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Terms to Use When Analyzing a Visual Text

Updated on November 8, 2016
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Erwin Cabucos writes from Brisbane, Australia. He has Masters in English Education from the University of New England.

Image by E.C.
Image by E.C. | Source

Useful terms when analyzing an image

By Erwin Cabucos

Analysing a visual text involves examining all elements of the image so that a feasible and convincing meaning and interpretation could be achieved. This may mean looking into the subjects in the photo, the words that are printed on the page, the setting used or the colour applied in the image. But there are more than that.

The book Interpreting the Visual by De Silva Joyce, H. and Gaudin, J., by Phoenix Education, published in 2011 gives thorough explanation of the important aspects of the image that a keen reader must see in a visual.

Here are some important terms for those elements. Like any written texts, multimodal and visual texts have rich repository of meanings where discourses and representations of peoples and ideologies can be found.

  • Participants – refers to people, animals, and objects that are prominent in the image.
  • Perspectives - involved in representing 3D space on a flat 2D picture surface. This enables us to see the framed painting as a window onto a space that is different to the one we occupy.
  • Vanishing point - corresponds in the picture plane to the point in the eye where light reflected from objects in the real world can be seen to converge. Eg, situating the vanishing point at the level of the viewer's eyes will appear to out the viewer in the picture.
  • Raised vanishing point - refers to high-angle shot where the subject is shown downwards, as if the audience is looking down. This suggests lesser power for the participant, or begging for sympathy from the audience.
  • Lowered vanishing point - or high angle shot, giving more power to the participant, demanding for respect from the audience.
  • Vectors - the actual or imaginary line showing the direction of action or lines of movement or of an image. Integral to understanding narrative processes in the image.
  • Narrative processes - refers to the way an images tells the story or explain a causal process that takes place over time. It is important to know the distinction between narrative and conceptual. The vectors connect the participants. Narrative processes may be active, reactive or telling a conversion process.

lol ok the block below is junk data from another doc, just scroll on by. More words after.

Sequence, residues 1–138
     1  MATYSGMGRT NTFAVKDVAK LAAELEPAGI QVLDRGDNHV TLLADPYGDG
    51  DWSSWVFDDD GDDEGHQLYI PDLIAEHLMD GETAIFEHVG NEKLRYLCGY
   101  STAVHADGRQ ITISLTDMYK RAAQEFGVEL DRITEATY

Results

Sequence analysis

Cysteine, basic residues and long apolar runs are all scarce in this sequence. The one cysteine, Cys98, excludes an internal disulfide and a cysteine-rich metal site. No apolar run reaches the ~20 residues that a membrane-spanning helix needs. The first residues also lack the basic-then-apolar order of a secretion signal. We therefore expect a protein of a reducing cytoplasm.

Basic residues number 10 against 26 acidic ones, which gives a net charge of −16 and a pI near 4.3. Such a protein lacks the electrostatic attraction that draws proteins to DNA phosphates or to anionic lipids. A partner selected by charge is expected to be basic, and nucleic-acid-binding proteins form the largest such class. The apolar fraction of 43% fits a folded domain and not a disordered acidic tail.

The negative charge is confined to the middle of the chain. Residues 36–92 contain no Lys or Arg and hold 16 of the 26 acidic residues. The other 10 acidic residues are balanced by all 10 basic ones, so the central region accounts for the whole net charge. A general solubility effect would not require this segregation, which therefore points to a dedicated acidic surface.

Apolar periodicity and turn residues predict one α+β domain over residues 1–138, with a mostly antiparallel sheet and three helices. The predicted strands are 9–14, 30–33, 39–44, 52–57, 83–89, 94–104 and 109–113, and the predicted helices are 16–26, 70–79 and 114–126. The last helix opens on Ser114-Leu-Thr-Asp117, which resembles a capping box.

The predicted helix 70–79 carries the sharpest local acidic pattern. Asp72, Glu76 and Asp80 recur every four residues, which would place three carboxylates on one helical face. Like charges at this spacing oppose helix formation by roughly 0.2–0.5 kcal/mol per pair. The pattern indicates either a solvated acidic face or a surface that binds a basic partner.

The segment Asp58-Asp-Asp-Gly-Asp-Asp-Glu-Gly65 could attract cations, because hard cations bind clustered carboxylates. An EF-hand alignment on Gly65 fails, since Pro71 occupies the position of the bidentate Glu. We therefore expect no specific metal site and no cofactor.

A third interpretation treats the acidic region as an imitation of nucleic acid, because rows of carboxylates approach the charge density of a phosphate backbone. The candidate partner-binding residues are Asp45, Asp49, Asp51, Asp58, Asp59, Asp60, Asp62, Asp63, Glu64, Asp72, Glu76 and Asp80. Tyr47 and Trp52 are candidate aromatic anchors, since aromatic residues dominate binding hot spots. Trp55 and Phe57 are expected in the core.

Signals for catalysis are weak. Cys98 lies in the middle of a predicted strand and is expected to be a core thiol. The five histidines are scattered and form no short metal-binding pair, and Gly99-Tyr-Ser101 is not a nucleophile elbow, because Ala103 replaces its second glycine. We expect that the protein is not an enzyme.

• Conversion or thought processes - This is often evident in diagrams where the action shows conversions or cycles.
  • Speech and thought-processes - This is often shown on images with speech balloons and thought bubbles.
  • Action and reaction processes - participants doing action in the image. The vector originates from a participant and usually directed at another participant. In some images, this element of the image tell a lot of gender relations. Notice how the action originates from which gender and received by another, suggesting power relations in the gender.
  • Circumstances - they refer to the setting, providing a wider context in the image. They may also refer to accompaniments of the participants, giving more information and backgrounds to the participants. There are participants in the image who are not linked to other participants by vectors; they are circumstantial participants.
  • Embedding - the process of combining more than one representational structure within a single image. This shows the versatility of the image that it may perform other function other than the main participants or circumstances they are showing.


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